/ 20 July 2023

Digging deep on a serial killer

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A graphic rendition of Rosemary Ndlovu. (Multichoice)

“Cruel and hellish” are the words the late Judge Ramarumo Monama used when he handed down serial killer Rosemary Ndlovu’s sentence. 

The gruesome case that shocked South Africa has been turned into a documentary called Rosemary’s Hitlist on Showmax. 

It unpacks all the murders, and attempted murders, of Ndlovu’s family members, in the name of claiming life insurance money. 

It is hard to watch, as family members tell how their loved ones lost their lives at the hands of someone they loved and trusted. 

Concentrating on the production values of the documentary was made difficult by the gruesome nature of the story. How could  a person be so emotionally dissociated and driven by money that they would go to those lengths to get it? 

After watching the documentary series a second time, I realised how captivating and well made it is. 

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Riana Williams, who was the prosecutor when Rosemary Ndlovu was tried for murder. (MultiChoice)

Keeping the documentary format, director Valentino Mathibela, who also directed the first season of the Real Housewives of Durban and Lebo M: Coming Home, both successful Showmax productions, made sure each episode was packed with facts about the case and, most importantly, made sure that the stories of the victims were respected. 

The use of the family tree, as well as the timeline as cutaway, is effective because of the complex or shocking nature of the events. It gives the viewer a chance to pause and understand the depth of the story while also making you realise how someone wiped out their partner and five of her relatives. It’s a picture that is very difficult to get out of your head. 

It was hard not to follow the Ndlovu story as media houses kept us updated and folks on Twitter gave accounts of what they felt and thought about the case. 

However, what Mathibela did that was different was bring in experts in the science and culture fields to delve into the deeper story.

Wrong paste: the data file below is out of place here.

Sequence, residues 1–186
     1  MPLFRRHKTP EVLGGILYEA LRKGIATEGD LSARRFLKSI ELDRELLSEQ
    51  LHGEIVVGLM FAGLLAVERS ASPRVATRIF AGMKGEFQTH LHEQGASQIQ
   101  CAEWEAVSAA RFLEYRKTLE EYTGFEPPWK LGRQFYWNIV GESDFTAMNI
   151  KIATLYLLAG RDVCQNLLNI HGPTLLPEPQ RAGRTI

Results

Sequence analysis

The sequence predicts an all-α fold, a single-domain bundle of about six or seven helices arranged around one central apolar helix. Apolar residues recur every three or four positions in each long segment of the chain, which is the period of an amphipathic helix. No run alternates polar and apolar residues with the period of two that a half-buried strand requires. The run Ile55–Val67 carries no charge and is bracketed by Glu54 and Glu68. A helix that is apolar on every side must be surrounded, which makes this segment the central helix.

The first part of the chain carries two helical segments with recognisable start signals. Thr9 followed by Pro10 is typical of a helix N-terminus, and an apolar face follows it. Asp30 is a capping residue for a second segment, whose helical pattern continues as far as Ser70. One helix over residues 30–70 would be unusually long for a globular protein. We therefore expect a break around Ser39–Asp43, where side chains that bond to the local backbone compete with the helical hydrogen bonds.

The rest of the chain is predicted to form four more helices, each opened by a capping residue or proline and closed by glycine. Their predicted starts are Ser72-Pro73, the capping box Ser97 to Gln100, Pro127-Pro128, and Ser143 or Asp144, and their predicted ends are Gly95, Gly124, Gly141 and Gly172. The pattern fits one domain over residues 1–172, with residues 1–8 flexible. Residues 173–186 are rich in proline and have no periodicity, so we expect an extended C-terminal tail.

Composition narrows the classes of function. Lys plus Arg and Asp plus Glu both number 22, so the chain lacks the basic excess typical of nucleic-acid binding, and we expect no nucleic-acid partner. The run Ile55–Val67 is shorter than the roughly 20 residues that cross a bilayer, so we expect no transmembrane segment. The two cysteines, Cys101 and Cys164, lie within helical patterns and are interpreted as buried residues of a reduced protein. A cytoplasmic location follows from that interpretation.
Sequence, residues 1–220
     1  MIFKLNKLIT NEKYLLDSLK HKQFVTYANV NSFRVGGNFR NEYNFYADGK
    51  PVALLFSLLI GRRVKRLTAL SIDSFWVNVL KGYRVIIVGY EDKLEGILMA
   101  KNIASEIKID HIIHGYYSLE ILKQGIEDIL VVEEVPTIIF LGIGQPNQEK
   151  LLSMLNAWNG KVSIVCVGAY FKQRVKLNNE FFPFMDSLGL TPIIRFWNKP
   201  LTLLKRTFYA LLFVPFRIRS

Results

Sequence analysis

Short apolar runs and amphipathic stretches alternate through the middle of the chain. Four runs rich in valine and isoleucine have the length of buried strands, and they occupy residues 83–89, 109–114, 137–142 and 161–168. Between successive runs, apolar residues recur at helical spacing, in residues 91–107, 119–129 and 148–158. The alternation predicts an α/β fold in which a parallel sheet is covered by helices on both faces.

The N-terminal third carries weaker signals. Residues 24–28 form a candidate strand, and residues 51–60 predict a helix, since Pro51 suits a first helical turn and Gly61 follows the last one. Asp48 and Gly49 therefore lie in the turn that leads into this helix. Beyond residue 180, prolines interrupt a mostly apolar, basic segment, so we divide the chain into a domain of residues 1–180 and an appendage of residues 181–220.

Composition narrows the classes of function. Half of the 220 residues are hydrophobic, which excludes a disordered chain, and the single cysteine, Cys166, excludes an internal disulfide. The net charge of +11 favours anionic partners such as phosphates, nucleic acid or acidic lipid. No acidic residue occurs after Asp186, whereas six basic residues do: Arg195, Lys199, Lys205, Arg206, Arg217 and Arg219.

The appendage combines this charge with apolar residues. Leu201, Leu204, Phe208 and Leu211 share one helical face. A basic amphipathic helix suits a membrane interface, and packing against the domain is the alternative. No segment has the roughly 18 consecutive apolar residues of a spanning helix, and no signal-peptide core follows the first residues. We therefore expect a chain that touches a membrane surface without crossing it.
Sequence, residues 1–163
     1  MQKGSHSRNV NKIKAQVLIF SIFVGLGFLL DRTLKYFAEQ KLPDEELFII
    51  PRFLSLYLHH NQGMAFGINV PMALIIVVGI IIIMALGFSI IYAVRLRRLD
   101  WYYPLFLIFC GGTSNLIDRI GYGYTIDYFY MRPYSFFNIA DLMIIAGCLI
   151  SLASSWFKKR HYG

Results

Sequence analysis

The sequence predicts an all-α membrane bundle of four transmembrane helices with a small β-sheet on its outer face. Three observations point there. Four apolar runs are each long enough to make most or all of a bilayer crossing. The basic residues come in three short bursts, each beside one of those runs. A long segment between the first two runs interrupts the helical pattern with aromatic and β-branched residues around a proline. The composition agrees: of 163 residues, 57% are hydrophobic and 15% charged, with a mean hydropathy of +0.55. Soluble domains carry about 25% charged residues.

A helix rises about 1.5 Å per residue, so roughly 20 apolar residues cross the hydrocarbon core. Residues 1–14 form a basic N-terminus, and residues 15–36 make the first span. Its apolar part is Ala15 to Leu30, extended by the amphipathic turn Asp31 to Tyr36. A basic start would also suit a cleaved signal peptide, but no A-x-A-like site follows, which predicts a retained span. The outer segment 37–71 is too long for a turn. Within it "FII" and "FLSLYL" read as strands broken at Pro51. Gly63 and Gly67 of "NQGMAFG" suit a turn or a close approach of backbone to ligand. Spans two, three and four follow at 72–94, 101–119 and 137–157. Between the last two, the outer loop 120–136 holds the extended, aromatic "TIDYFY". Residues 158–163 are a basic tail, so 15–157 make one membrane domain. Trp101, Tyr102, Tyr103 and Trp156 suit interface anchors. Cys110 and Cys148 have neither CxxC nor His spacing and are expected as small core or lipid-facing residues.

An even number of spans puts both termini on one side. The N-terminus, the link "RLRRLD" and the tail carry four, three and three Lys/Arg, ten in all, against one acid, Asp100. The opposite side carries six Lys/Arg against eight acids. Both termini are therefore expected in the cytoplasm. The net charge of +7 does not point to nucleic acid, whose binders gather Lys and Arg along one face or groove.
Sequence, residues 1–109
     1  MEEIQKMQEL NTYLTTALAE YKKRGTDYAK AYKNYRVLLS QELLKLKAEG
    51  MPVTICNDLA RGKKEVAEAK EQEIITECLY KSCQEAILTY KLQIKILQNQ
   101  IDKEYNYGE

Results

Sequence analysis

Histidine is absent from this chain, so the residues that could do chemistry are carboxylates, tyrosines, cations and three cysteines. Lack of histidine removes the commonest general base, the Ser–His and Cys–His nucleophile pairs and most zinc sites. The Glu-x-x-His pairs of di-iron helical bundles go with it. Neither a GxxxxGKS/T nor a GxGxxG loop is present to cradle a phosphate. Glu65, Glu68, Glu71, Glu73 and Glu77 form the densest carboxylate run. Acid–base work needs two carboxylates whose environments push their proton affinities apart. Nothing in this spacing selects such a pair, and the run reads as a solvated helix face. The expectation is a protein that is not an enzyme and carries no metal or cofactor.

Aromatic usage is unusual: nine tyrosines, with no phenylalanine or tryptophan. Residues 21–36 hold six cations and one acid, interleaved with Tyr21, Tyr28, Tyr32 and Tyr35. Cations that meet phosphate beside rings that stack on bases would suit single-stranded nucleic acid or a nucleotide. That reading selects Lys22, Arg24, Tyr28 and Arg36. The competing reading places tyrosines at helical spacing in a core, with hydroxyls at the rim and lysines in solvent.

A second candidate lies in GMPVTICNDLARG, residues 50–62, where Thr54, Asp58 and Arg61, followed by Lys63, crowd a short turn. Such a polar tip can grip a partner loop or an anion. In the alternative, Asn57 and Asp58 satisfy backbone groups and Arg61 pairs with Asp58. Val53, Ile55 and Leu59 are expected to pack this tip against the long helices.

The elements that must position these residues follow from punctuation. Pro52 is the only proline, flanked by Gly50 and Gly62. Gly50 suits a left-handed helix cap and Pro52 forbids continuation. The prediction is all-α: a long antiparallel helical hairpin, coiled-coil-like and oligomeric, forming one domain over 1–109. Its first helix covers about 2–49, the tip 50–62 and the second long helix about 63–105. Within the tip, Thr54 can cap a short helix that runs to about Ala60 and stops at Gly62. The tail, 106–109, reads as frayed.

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Sergeant Keshi Mabunda was the investigator when Rosemary Ndlovu was tried for murder. (MultiChoice)

For example, spiritual healer Gogo Dineo Ndlanzi makes an appearance when she gives her opinion about the make-up of someone like Ndlovu from an African spirituality perspective. 

What brings the documentary together is the well-selected cutaways of Ndlovu in the dock and in different states of emotion. 

I remember seeing clips of her in court interacting with the media but in the documentary Mathibela, for example, carefully juxtaposes footage of Ndlovu being distraught with her flirting with reporters and throwing chips at them. 

Those moments are what shock you into remembering this person was entrusted with serving and protecting society as a police officer. 

Although the story is about the murders that were planned and carried out by Ndlovu, Mathibela makes sure we hear the victims — actually hear them, outside of learned lawyers and the flamboyance of the media. 

Ndlovu’s sister, Joyce Ndlovu, who was meant to be killed along with her five children the day Ndlovu was apprehended, says in the documentary that what hurt her the most was that her sister was going to kill her and her children for nothing. 

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A graphic rendition of the family members she murdered for life insurance payouts. (MultiChoice)

She says she does not have much — even the home she lives in was built by the government — and the one person who was supposed to love and protect her and her children was going to kill her, for nothing. 

And we heard her.  

One criticism is that it is a very intense film. However, it is a great watch for both those who have been following the case and those who have only heard about it in passing.